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April 22, 2010

Gov. Christie's Smackdown of a Liberal Legacy

Posted by The MaryHunter at April 22, 2010 5:11 PM

George Will reports on New Jersey Gov. Chris Christie, who is working hard to redress some serious wrongs from the tax-and-spend Corzine administration. The financial mess that Christie has had to deal with in his first year has been staggering.

He inherited a $2.2 billion deficit, and next year's projected deficit of $10.7 billion is, relative to the state's $29.3 billion budget, the nation's worst. Democrats, with the verbal tic -- "Tax the rich!" -- that passes for progressive thinking, demanded that he reinstate the "millionaire's tax," which hit "millionaires" earning $400,000 until it expired Dec. 31. Instead, Christie noted that between 2004 and 2008 there was a net outflow of $70 billion in wealth as "the rich," including small businesses, fled. And he said previous administrations had "raised taxes 115 times in the last eight years alone."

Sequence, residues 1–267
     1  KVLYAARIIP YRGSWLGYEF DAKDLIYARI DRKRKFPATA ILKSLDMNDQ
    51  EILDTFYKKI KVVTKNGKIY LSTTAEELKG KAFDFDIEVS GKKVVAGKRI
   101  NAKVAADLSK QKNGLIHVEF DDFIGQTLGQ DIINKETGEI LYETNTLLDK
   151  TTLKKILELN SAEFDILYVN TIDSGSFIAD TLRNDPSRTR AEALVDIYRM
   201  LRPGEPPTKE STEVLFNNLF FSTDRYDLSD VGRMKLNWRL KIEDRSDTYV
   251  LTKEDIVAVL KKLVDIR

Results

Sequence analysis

So he closed the $2.2 billion gap by accepting 375 of 378 suggested spending freezes and cuts. In two weeks. By executive actions. In eight weeks he cut $13 billion -- $232 million a day, $9 million an hour.

You want government excess? Here's your government excess, says Christie:

Government employees' health benefits are, he says, "41 percent more expensive" than those of the average Fortune 500 company. Without changes in current law, "spending will have increased 322 percent in 20 years -- over 16 percent a year."
Partly to pay for teachers' benefits -- most contribute nothing to pay for their health insurance -- property taxes have increased 70 percent in 10 years, to an average annual cost to homeowners of $7,281.Christie proposes a 2.5 percent cap on annual increases.
Challenging teachers unions to live up to their cloying "it's really about the kids" rhetoric, he has told them to choose between a pay freeze and job cuts.
Christie notes that the $550,000 salary of the executive director of the teachers union is larger than the total cuts proposed for 190 of the state's 605 school districts.

The path to New Jersey's fiscal oblivion was well-paved by years of Democrat corruption and union excesses. Christie has his work cut out for him, but so far, he seems to be doing all the right things.

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You just don't want to mess with this kinda guy.